Photo by Morgan Grana.
Photo by Morgan Grana.

Gallons of precious water are wasted each day as they swirl down countless sinks and drains. Due to the heavy winter rainfall in Santa Cruz, it may be easy to take water for granted. In actuality, showers and faucets at UC Santa Cruz dorms and apartments make up 40.5 percent of the campus’ total water usage.

Sarah Finder, a second-year global economics major from College Nine, is transforming her passion and concern for the environment into action as she dives into a campus project documenting water usage.

“The goal of the project is to try to raise the awareness that we [as a campus] care about how we act in the community,” she said.

As a University Relations Good Neighbor intern, Finder aims to foster good relationships between the campus and the city of Santa Cruz.

Finder’s project, debuting this week, involves the distribution of mock water bills to students living in Crown and Merrill apartments.

The bills will be distributed three times during the quarter, displaying water usage for February, March and April. This billing will allow students to learn how much water they utilize per month and how much money they would realistically pay if they lived off-campus.

UCSC uses about 200 million gallons of water per year. According to the 2007 UCSC Water Efficiency Survey, the campus consumes 5 percent of the total Santa Cruz Water Department demand.

“I take water for granted. If I were told how much I use, I could cut down,” said Tyler Hunt, second-year economics major and resident of the Merrill apartments.

There is a great need to conserve water to keep housing fees from rising and to reduce the strain on the city water supply. Finder hopes increasing awareness about campus water use will help to create a more sustainable campus.

She created the mock water bills herself, taking the mean water readings of the 14 buildings and 92 apartments located in Crown and Merrill to calculate hypothetical costs.

Ian McDonald, the UCSC Energy Analyst, supplies Finder with information regarding water usage on campus. She has concluded that every cubic foot of water used costs approximately 10 cents.

Finder received initial help getting the word out about her project from Silas Snyder, the Safety, Training and Resource Conservation Coordinator. Snyder helped Finder to connect with Gabriela Alaniz, the Coordinator for Residential Education (CRE) for Merrill.

Alaniz asked Residential Advisors in Crown and Merrill to do the footwork of distributing the bills, creating an opportunity for the apartment residents to learn about their water consumption.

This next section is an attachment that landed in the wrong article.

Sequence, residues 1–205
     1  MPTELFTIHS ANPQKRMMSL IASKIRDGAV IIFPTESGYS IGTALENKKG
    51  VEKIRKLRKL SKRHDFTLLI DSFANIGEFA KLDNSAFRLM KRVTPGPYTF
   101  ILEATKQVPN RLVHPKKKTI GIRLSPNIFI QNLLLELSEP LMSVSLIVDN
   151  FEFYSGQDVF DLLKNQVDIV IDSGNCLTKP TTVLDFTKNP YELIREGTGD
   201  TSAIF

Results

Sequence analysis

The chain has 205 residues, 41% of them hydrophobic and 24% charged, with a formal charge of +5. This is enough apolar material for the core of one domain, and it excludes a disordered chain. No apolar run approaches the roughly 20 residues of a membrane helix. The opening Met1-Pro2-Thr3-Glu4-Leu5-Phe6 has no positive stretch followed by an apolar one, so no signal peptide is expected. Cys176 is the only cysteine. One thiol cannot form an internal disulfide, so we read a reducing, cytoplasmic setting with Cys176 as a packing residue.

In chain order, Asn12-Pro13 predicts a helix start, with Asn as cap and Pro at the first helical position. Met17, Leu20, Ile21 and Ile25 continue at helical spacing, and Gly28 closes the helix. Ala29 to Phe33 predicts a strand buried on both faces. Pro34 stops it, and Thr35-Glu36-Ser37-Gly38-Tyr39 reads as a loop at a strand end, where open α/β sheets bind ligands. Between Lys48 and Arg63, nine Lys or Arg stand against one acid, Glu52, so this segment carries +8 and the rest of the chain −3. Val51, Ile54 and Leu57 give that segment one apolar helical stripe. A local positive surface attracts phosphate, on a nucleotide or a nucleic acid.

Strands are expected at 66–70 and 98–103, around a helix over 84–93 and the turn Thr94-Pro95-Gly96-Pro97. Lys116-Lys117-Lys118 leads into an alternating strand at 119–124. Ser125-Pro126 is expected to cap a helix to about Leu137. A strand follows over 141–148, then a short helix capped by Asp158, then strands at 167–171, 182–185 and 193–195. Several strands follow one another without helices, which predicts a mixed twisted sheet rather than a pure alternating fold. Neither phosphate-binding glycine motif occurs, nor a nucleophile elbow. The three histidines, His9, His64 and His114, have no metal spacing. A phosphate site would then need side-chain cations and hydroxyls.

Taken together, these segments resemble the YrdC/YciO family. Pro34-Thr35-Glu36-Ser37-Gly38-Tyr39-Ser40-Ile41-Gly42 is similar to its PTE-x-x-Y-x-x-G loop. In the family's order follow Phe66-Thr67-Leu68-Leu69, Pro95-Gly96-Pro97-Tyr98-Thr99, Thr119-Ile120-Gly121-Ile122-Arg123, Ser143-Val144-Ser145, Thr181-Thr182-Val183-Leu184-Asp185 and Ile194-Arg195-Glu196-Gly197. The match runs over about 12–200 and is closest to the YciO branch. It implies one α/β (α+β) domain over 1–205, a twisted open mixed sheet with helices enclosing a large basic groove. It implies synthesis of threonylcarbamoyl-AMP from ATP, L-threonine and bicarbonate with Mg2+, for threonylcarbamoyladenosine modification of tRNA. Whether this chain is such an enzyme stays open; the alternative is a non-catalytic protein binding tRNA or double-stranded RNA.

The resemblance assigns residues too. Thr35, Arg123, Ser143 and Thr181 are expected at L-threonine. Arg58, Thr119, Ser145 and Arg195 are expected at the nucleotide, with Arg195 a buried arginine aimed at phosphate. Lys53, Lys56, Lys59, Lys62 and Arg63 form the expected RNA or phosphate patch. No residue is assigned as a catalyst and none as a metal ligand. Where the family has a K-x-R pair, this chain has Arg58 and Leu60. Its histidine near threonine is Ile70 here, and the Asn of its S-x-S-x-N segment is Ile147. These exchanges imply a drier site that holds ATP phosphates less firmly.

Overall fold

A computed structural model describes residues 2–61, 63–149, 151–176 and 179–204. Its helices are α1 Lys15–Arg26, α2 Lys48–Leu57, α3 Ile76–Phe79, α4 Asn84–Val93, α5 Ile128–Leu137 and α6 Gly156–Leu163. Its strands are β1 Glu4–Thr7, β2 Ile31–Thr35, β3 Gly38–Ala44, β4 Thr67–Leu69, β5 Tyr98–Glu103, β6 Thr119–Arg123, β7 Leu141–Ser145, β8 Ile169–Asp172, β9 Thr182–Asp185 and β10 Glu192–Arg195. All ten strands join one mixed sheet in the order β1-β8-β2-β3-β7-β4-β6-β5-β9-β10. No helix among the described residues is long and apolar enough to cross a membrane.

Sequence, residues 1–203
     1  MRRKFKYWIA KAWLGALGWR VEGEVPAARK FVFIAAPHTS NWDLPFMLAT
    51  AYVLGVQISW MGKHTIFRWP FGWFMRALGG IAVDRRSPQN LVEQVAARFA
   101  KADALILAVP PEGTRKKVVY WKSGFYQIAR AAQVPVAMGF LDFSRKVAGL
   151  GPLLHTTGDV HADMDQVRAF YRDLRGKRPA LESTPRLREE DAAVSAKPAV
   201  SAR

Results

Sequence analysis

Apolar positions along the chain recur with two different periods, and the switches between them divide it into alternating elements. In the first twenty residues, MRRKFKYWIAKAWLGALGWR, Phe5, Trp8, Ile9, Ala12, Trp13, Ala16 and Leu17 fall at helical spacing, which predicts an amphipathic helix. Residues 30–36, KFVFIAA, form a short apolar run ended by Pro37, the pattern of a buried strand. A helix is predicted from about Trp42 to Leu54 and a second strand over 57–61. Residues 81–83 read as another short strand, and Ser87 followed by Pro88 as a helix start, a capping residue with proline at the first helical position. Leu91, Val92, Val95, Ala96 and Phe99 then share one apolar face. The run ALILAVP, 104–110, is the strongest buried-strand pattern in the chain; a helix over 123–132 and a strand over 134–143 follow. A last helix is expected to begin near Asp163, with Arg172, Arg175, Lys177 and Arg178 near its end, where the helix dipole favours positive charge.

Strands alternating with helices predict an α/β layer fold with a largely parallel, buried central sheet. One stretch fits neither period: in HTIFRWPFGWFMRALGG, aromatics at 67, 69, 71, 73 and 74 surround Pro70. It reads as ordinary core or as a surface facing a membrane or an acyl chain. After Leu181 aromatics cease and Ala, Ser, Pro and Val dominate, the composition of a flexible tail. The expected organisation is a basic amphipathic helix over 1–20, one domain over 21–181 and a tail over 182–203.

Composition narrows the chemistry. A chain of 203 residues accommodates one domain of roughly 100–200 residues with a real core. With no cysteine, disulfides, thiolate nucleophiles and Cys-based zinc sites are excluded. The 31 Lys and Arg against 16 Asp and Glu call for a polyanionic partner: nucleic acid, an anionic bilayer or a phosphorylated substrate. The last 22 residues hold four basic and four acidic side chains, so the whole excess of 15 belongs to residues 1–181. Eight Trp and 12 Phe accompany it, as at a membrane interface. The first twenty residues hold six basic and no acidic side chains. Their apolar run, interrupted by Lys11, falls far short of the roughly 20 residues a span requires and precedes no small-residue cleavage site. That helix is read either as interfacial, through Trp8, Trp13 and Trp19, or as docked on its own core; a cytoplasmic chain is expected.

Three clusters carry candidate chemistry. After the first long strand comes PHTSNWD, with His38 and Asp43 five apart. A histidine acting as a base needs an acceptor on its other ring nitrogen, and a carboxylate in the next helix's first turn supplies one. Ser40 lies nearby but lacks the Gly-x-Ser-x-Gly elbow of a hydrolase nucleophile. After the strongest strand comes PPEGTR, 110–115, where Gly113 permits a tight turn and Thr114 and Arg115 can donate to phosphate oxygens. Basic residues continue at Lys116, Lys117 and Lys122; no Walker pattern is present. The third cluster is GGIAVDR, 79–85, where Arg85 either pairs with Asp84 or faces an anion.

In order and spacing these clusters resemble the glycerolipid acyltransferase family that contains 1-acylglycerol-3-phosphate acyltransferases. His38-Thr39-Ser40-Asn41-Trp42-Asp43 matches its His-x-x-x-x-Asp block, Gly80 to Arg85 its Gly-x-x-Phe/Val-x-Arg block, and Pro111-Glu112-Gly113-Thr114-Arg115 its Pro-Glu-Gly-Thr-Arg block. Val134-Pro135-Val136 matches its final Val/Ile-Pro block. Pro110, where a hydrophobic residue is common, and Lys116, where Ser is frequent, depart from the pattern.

“I want to help out and share this information. In Santa Cruz, you see stickers in the bathroom telling you to conserve. Having enough water is a serious problem here,” Finder said.

Growing up in Nashville, Tennessee, Finder noticed that many residents did not focus on environmental awareness and saw little encouragement of conservation.

“I learned to be very conscious about water usage and recycling from my parents,” Finder said. “After talking to many of my peers, it was clear that not everyone knew about the importance [of these things]. I remember people would ask if we had to recycle, and I would say ‘Yeah! We have to!’ I was very surprised.”

Finder anticipates that many students will be persuaded to conserve when they receive the bills.

“I would like this to eventually reach all corners of campus, maybe even in the dorms,” Finder said. “I am envisioning this to be a regular thing.”

Finder is hoping to find other committees or interest groups focusing on sustainability and water conservation, such as the Green Campus Program (GCP), to help the distribution of mock water bills become a standard practice on campus.

So far, Alaniz said, Finder has been successful in achieving her goals. “Sarah has been doing an impressive job. Getting something done takes perseverance. I feel like this is a different way of educating students instead of just giving out tips,” Alaniz said. “It teaches that water is an important source in the country and it allows students who live on campus to see what it is like to be responsible for a bill and collecting money.”

Finder has high hopes for the project.

“Nothing is impossible,” she said. “People want to help students out. If you have a good idea, start talking.”